It looks like nobody is safe from malware anymore, even when people are on vacation. HEI Hotels & Resorts, which operates high-end hotels like the Marriott, Intercontinental, Hilton and others, announced that 20 of its hotels have had their payment systems breached.
According to a report from Reuters, this breach is just the latest in a series of cyber-attacks targeting hotels around the world. HEI explained, via their spokesperson, that malware had been discovered on their systems, which may have stolen sensitive customer data. Among the hotels affected by the breach are Westin properties in Minneapolis, Pasadena, Philadelphia, and Washington D.C. Also affected are Starwood locations in Arlington, San Francisco and Nashville as well as Marriott hotels in Chicago, San Diego, and Minneapolis. However, this is not an exhaustive list. In total, 12 Starwood, six Marriott International, one Hyatt and one InterContinental hotels were affected.
The malware operated between March 2015 and June 2016. That’s over a year’s worth of transactions, credit card details, names and personal info that was collected from the hotels’ patrons. The only important details that seem to have remained safe are payment card PIN codes, because the hotels’ systems didn’t collect those.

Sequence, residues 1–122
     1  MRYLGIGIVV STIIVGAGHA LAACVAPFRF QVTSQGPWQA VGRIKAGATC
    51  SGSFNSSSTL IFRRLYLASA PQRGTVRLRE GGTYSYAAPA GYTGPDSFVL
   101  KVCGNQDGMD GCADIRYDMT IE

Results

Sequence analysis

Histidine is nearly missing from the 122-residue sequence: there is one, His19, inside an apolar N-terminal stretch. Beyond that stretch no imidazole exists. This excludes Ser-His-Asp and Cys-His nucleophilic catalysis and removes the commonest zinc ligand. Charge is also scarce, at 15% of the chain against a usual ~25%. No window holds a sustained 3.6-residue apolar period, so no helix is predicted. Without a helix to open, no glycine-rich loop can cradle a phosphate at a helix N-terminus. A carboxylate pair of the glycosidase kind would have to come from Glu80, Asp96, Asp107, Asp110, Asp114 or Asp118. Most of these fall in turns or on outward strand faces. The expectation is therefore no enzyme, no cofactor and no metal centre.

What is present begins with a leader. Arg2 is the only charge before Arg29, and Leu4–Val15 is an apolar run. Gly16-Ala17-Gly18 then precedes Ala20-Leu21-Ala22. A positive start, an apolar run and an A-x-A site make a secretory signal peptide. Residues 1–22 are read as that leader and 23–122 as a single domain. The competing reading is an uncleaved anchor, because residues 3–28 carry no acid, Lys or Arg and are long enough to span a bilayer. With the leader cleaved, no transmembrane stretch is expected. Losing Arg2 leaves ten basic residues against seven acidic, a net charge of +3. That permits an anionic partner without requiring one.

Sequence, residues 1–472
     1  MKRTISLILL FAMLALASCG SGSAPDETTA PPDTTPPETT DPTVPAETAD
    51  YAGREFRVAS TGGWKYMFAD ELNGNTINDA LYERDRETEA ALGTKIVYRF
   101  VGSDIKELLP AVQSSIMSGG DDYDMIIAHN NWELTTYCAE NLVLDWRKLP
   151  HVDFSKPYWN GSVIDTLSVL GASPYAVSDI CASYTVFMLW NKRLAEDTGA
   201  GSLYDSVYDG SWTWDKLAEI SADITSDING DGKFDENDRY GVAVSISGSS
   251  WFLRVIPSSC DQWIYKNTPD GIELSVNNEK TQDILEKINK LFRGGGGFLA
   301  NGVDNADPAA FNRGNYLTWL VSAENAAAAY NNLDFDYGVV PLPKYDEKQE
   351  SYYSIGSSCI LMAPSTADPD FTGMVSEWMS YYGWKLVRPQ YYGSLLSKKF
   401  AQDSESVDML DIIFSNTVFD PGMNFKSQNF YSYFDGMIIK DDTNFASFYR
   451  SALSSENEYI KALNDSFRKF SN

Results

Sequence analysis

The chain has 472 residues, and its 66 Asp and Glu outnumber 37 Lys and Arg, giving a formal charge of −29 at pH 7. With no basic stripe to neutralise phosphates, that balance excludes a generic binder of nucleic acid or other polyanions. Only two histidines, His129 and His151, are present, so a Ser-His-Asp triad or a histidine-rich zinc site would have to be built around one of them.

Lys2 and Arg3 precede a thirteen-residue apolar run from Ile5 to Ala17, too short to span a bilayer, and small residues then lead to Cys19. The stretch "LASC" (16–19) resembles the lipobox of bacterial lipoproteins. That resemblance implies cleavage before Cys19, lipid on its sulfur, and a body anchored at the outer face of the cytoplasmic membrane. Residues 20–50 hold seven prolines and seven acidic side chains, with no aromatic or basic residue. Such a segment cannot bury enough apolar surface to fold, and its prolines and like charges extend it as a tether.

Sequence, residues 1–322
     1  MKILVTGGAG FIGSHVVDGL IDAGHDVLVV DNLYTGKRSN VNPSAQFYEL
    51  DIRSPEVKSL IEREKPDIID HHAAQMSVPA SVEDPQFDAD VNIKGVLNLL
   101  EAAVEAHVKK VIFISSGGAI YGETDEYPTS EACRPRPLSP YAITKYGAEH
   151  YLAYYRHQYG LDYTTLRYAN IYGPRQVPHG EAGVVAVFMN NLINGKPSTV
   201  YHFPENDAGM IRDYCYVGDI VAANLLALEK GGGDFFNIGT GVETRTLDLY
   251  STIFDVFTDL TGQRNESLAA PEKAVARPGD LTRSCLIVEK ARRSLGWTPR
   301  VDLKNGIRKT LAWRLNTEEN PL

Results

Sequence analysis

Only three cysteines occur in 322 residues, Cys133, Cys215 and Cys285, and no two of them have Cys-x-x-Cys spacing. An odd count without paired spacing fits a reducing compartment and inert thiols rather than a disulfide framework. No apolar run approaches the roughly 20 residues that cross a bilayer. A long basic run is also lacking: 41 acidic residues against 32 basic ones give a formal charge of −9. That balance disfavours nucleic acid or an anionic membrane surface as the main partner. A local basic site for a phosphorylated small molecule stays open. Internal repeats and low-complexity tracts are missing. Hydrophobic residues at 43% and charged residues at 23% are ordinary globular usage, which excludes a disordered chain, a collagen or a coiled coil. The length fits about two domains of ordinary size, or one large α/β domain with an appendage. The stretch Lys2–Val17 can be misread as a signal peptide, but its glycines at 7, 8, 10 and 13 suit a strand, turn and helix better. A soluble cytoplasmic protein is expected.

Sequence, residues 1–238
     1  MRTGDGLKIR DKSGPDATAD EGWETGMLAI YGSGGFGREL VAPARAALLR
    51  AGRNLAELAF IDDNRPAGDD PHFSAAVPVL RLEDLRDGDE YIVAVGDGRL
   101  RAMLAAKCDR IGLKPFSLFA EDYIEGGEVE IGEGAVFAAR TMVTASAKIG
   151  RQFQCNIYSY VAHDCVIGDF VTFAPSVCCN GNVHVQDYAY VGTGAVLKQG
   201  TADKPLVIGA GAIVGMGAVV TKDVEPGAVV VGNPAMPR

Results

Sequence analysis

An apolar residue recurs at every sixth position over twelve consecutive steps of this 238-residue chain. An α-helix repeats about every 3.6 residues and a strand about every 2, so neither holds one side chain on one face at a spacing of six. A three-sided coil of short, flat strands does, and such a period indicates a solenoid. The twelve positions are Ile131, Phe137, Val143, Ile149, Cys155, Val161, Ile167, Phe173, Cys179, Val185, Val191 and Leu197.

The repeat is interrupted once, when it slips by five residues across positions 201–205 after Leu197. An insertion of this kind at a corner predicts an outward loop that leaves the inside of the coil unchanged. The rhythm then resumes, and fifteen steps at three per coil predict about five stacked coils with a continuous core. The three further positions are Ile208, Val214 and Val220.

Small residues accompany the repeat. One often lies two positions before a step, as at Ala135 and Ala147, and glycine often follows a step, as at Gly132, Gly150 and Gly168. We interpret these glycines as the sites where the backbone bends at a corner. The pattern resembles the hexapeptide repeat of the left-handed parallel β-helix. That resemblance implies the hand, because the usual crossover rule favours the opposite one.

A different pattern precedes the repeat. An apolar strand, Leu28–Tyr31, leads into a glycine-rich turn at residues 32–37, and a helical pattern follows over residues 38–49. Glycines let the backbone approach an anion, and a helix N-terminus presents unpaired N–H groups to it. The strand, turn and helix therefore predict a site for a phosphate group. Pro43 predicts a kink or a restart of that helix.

Interestingly enough, a number of Starwood properties, managed by Starwood Hotels & Resorts Worldwide, had been the victims of the same type of attack back in November of 2015. At the time, in a statement mirroring the one from HEI from yesterday, company representatives said: "the affected hotels have taken steps to secure customer payment card information and the malware no longer presents a threat to customers using payment cards at Starwood hotels". But this latest report clearly states that 14 out of the 20 infected HEI hotels were breached after December 2nd 2015. It seems like the earlier lesson wasn't taken to heart by all hotels or that the new security measures were inadequate.
The company affected by the latest breach, HEI Hotels & Resorts, did not comment further except to say that it had informed federal authorities and replaced its payment processing system. Unfortunately, the damage is already done so if you think you might have been affected, keep a close eye on your bank account and credit card activity.